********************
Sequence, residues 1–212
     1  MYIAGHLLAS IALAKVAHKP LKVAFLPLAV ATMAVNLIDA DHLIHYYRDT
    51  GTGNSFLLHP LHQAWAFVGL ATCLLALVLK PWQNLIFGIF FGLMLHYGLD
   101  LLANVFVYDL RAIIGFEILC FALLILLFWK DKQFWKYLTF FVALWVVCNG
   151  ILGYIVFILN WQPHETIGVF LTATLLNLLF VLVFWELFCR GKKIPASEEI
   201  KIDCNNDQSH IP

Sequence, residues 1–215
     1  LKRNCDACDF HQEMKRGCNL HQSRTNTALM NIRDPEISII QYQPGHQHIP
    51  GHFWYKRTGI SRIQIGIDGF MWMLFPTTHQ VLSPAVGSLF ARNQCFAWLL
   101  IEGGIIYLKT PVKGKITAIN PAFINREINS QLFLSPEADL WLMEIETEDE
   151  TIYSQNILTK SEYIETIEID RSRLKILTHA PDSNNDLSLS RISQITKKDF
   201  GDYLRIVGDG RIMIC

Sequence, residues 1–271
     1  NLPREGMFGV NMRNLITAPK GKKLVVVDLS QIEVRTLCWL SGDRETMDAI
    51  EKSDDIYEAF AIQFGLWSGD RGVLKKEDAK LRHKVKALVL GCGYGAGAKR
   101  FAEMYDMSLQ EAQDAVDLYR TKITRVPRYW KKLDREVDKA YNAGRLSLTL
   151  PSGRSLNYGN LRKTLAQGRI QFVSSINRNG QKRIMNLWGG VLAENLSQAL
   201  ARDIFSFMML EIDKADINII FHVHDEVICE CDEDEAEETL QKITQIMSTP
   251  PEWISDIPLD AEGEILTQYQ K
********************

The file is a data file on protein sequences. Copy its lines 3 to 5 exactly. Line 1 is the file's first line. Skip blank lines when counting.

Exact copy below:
    51  GTGNSFLLHP LHQAWAFVGL ATCLLALVLK PWQNLIFGIF FGLMLHYGLD
   101  LLANVFVYDL RAIIGFEILC FALLILLFWK DKQFWKYLTF FVALWVVCNG
   151  ILGYIVFILN WQPHETIGVF LTATLLNLLF VLVFWELFCR GKKIPASEEI